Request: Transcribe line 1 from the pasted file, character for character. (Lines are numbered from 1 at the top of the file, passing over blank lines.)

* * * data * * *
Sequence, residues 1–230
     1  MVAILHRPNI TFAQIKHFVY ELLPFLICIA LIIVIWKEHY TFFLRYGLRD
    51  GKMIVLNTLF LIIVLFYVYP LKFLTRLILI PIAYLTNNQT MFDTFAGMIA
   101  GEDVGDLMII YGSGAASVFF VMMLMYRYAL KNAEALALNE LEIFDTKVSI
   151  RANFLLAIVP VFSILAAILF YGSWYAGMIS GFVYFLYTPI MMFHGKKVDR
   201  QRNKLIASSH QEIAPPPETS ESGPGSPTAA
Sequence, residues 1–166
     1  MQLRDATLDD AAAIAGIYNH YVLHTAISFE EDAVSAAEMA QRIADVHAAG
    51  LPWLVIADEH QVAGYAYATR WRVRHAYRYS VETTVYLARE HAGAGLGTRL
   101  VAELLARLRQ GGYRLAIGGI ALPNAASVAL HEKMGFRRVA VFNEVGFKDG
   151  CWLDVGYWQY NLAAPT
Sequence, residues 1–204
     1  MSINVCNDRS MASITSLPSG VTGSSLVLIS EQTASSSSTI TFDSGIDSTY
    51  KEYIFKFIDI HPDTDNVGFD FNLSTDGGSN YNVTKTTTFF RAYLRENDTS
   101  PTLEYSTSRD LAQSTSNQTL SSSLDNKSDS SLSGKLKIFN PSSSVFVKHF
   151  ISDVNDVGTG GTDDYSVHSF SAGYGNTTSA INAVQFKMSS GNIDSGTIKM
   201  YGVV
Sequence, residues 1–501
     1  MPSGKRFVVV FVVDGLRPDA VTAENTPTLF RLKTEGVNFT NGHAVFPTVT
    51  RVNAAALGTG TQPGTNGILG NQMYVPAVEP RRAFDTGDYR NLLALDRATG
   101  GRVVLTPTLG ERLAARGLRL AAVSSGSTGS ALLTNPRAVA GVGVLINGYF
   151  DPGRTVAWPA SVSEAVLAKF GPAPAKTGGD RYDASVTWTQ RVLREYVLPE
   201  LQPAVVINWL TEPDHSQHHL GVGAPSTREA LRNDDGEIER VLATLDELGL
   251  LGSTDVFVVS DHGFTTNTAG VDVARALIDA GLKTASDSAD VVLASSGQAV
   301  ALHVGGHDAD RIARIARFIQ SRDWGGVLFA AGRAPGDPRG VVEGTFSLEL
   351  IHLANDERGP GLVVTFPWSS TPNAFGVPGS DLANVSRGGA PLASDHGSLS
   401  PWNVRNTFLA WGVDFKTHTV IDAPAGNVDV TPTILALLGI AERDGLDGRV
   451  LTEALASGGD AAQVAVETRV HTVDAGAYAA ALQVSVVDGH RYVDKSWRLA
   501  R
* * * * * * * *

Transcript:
Sequence, residues 1–230